The April 2004 issue, for example, spoke about the “rhetoric of this election year, the continuing struggle for justice for the survivors of the Gujarat genocide, the Indian government’s stand on the Section 377 petition in the Delhi high court,” along with “the uncertainty over the Brazilian resolution, the unrelenting abuse in the name of war against terrorism, the continuing occupation of Iraq, the growth in power of the fundamentalist forces around the world and in our country, and the increasing violence against women and particularly lesbians which is unabated as the cases of lesbian suicides rise.”
The July 2006 issue – centered around the theme of “Hair” – demonstrates how the zine was as much about confronting queer dilemmas as it was about facing larger political concerns. The call for submissions of the issue, reproduced in the editorial, goes:
Why hair? Because its roots go deep into our collective psyche, not to speak of individual skins. To cut or grow, to wax or shave or trim or not, to choose from the images and constructs offered to us or to challenge these stereotypes: these hair-raising dilemmas can sometimes be difficult to resolve. Nor does every hairy diktat stem from the straight world; there is a fair amount of hair conditioning, surely, that we imbibe from one another as well.
The call for submissions closes with an invitation to all “desi rapunzels” to “let down [their] hair or attach [themselves] to its silken ropes” and send across “drawings, poems, cartoons, anecdotes, essays or stories about [their] own good and bad hair moments, [their] closest shaves and [their] most hair-centric fallacies and fantasies.”
Indeed, fantasy was crucial to the zine’s imagination, as was the timelessness of the explored themes. For example, just about a decade back, the June 2012 issue of Scripts – centered around the theme of “Food” – referred to “student agitations at Osmania University in Hyderabad where Dalit students (and supportive faculty and others ate beef biriyani in the university” and how this was met with “right-wing…violence against them and against this act of eating beef.”
Over a decade since this issue of Scripts was published, non-vegetarian food continues to be controversial in India.
Solidarities and Conflicts
“Scripts brought us together; it allowed us to be who we are,” Shah said.
What began as a way for a group of queer women to get their voices out also became a space to get more voices in. And as more voices came in, the zine evolved.
For example, Mridul, a technologist involved with Scripts 69 – the zine’s only online issue – was also introduced to the larger group through the zine. In 2009, Mridul had just moved from India’s capital, Delhi, to Mumbai, where LABIA was based. It is in Mumbai that he found Scripts and, eventually, LABIA. Almost a decade later, Mridul’s technological prowess came in handy when he played his role in producing Scripts 69.
That the zine was constantly evolving also meant that its issues had a certain “non-standardness,” as Mridul put it to LGBTQ Nation.
As Shah explained when she wrote about the history of Scripts in its 2015 issue, the group’s “anarchic queerness flowed into [their] design elements. Absence of illustration skills was sought to be replaced by a surfeit of fonts. We passed this off as our creativity, much to the horror of those who believed in some design principles for a magazine…There was even a strong agitation to change size and form but at least on that count the staid voice of consistency survived. Any noticeable differences in sizes is thanks to our printers’ whims and fancies.”
“But at least they all look like a set,” Shah concludes.
Where there were solidarities, there were also conflicts.
But from these conflicts, many solidarities emerged and strengthened. For example, Iravi and Shah recounted their experience with a submission for the July 2006 Hair issue. A contributor who went by the name of Haseena Zulfonwaali (The beautiful one with gorgeous tresses; perhaps a reference to a 1966 Bollywood song) had sent in a contribution with three images of merkins – decorative pubic wigs. The photos generated varied opinions among the issue’s editors, who eventually decided to reduce its size and resolution and superimpose it with text.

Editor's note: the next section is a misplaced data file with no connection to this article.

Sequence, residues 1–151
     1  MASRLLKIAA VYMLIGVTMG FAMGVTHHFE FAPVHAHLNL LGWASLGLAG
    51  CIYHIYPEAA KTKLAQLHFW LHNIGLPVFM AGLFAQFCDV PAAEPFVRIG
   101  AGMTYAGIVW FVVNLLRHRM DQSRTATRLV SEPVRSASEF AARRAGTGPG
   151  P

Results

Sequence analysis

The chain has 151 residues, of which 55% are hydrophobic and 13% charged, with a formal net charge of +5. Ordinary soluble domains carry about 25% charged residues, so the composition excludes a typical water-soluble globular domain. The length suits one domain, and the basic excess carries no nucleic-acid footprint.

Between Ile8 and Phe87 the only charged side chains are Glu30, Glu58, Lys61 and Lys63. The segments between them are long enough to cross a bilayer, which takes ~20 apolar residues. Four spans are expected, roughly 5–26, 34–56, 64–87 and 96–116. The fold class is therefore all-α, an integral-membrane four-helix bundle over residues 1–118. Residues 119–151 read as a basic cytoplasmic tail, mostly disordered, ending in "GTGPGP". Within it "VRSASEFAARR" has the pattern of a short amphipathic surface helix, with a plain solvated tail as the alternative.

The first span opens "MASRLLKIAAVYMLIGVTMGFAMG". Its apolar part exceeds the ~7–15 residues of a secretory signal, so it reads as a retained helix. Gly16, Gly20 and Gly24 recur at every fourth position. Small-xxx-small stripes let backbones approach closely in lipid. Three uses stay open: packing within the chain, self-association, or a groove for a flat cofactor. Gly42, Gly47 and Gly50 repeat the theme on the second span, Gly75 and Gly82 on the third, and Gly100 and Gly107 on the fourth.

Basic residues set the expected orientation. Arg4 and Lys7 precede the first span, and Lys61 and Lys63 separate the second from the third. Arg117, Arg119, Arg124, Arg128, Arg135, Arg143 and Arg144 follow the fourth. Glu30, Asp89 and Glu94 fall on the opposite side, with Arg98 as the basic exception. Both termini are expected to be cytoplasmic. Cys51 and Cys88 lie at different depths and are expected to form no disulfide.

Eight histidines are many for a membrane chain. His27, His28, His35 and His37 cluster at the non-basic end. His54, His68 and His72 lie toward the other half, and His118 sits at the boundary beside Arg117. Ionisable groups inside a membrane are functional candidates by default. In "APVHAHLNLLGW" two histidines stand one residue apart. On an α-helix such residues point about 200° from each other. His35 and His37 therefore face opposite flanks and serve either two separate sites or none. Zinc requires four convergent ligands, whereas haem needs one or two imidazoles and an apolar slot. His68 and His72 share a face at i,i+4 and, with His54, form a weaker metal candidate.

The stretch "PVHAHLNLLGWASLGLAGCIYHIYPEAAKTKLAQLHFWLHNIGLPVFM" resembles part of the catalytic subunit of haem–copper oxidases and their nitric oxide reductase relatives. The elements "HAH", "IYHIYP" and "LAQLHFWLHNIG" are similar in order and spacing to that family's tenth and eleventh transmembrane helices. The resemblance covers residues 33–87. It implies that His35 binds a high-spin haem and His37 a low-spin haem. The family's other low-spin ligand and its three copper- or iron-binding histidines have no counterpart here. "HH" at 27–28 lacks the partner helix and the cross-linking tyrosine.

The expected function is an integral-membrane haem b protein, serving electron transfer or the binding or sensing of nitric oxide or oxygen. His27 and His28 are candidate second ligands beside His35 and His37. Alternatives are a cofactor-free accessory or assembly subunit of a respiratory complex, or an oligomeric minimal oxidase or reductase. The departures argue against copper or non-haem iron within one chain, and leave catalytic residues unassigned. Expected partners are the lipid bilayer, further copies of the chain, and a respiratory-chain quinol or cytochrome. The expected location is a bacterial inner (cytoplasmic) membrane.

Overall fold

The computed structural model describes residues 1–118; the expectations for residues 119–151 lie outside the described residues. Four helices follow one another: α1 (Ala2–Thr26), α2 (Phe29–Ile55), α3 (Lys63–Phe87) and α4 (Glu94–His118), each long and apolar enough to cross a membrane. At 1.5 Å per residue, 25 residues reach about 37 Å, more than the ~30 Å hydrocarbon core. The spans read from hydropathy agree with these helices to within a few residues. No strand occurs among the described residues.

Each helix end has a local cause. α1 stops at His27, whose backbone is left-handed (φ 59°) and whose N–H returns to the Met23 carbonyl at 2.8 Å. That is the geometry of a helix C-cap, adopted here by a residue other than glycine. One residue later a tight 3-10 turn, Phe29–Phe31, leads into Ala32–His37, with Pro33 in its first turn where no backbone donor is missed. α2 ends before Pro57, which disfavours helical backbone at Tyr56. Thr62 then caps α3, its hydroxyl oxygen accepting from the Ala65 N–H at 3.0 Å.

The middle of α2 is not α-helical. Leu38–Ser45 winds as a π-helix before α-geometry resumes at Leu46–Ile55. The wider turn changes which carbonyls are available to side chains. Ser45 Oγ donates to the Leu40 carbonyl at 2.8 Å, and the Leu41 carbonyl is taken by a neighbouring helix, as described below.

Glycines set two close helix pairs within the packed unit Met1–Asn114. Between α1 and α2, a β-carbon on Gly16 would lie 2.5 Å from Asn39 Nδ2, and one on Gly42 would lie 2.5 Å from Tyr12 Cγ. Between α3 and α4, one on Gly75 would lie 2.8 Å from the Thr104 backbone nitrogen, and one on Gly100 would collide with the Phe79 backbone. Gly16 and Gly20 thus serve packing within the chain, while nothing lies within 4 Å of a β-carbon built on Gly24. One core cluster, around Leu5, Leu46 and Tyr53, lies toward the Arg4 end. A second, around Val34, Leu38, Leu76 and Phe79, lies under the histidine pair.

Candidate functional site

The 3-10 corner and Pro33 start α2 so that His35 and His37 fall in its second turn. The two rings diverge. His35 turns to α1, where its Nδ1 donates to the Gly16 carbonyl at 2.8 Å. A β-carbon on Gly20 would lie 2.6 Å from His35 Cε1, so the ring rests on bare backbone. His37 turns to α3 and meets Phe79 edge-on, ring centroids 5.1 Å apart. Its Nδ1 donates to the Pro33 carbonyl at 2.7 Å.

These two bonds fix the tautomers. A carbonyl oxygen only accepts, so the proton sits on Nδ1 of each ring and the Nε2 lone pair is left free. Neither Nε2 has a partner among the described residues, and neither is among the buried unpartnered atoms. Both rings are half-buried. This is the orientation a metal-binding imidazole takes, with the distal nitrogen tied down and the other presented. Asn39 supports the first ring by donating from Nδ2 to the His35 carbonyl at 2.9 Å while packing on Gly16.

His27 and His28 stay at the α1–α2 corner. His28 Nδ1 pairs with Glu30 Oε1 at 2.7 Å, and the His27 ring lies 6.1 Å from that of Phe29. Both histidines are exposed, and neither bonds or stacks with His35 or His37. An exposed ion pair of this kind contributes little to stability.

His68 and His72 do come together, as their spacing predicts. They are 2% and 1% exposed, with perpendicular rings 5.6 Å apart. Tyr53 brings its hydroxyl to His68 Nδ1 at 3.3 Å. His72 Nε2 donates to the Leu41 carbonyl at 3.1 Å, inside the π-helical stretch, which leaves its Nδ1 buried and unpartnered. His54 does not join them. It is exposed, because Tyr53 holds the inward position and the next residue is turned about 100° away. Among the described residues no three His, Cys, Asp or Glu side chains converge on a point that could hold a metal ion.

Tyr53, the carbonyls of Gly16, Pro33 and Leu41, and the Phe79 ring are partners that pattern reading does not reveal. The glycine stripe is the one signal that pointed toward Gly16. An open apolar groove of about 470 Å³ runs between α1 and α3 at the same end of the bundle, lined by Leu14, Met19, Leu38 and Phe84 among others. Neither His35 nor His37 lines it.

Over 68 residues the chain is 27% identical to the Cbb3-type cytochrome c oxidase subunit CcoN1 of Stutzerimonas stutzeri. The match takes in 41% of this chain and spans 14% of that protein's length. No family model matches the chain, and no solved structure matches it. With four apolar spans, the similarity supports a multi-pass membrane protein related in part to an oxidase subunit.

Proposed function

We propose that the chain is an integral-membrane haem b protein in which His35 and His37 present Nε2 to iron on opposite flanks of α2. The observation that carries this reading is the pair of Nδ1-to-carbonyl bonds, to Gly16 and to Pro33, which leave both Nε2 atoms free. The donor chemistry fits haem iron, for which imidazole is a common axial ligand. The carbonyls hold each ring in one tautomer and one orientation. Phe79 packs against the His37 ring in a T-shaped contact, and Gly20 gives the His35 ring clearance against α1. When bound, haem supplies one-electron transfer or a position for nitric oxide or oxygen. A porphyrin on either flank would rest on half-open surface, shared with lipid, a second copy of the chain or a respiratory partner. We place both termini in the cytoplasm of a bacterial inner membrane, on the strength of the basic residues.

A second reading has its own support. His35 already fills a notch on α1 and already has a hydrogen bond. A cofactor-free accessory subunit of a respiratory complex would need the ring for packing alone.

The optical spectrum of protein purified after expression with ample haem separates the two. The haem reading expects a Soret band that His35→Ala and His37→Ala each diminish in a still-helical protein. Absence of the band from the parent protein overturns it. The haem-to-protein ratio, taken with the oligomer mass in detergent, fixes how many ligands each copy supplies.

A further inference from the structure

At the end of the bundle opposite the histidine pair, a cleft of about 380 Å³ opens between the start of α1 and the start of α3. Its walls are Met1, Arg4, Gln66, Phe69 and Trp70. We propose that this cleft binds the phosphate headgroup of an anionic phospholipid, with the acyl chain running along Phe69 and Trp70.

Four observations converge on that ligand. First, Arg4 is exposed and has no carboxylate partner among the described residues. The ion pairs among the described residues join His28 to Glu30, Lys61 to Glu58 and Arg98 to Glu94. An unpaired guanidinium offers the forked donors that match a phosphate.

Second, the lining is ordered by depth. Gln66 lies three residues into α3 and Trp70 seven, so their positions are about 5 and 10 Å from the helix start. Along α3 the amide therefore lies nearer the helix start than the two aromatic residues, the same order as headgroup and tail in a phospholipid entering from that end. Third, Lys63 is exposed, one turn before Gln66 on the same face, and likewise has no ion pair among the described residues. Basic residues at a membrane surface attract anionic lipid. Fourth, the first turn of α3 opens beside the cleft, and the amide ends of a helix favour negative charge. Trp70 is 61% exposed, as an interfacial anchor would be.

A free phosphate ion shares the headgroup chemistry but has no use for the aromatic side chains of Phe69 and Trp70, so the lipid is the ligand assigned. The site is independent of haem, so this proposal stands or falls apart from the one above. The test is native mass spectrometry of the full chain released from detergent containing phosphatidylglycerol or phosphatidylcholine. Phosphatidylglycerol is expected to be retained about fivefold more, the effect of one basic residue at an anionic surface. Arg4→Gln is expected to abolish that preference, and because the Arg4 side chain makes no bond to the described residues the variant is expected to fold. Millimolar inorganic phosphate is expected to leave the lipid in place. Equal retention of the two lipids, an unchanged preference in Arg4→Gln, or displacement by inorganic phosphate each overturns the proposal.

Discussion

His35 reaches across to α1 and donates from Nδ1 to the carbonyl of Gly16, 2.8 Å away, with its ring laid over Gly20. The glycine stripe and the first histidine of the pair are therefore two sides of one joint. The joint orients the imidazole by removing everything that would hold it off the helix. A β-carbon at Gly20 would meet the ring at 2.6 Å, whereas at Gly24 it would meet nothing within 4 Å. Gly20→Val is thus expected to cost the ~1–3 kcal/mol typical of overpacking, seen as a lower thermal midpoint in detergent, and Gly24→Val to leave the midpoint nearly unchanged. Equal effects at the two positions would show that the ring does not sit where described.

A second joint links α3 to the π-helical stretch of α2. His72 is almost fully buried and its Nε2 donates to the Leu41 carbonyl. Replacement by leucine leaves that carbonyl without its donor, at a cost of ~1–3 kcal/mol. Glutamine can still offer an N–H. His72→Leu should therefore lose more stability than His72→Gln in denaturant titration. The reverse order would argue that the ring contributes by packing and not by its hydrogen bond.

Haseena Zulfonwaali was disappointed. Her claim: it was better not to publish the photographs than to have them in a manner that “starved them, smothered them, hid them, silenced them, erased them.”
“In effect,” Zulfonwaali claimed, the editorial had “censored them.”
In June 2009 – three years after Haseena Zulfonwaali’s piece had been initially published – the team decided to release an issue on censorship in response to queer people facing “discrimination, censorship and violence daily” for who they were and what they stood for. Excerpts from the conversation between the Scripts editorial and Haseena Zulfonwaali found a place in the issue.
The editors and Haseena Zulfonwali found an opportunity to explain their positions and engage with each other, and the readers found a chance to deliberate on censorship.
In its two-decade lifespan, the zine never lost sight of its initial vision: to network with more people, with both those who were queer and those who were not. Calls for submissions and an address and phone number left on the back cover were invitations for queer people to connect. The release of every issue was often coupled with a film screening and discussion and also welcomed those who were not queer.
By the time the last issue of Scripts was published, the twenty-page zine had built indelible communities. Dykedom couldn’t be far behind.
Dreams and Dreamers
Iravi, Shah and Mridul are of the firm opinion that Scripts is not outdated and that the conflicts, dilemmas, desires and intimacies explored in the zine’s many pages continue to occupy queer articulations in the country.
“Many of these stories are still new,” Mridul said.
The trio are currently deliberating how every issue of Scripts could be archived and made available online. The task, although enticing, is more arduous than it appears.
“There is no standard template we can use to put it online,” says Mridul. Indeed, a zine in which fonts change with every page, handwritten corrections appear from time to time, and different queer lives find a home wouldn’t lend itself this easily to the ease of the internet.
But the trio is hopeful. They are, as Shah proclaims in her piece for the 2015 issue, dreamers.
*Iravi requested to be referred to by the name she used while writing and editing Scripts.
Editor’s note: This article mentions suicide. If you need to talk to someone now, call the Trans Lifeline at 1-877-565-8860. It’s staffed by trans people, for trans people. The Trevor Project provides a safe, judgement-free place to talk for LGBTQ youth at 1-866-488-7386. You can also call the National Suicide Prevention Lifeline at 1-800-273-8255.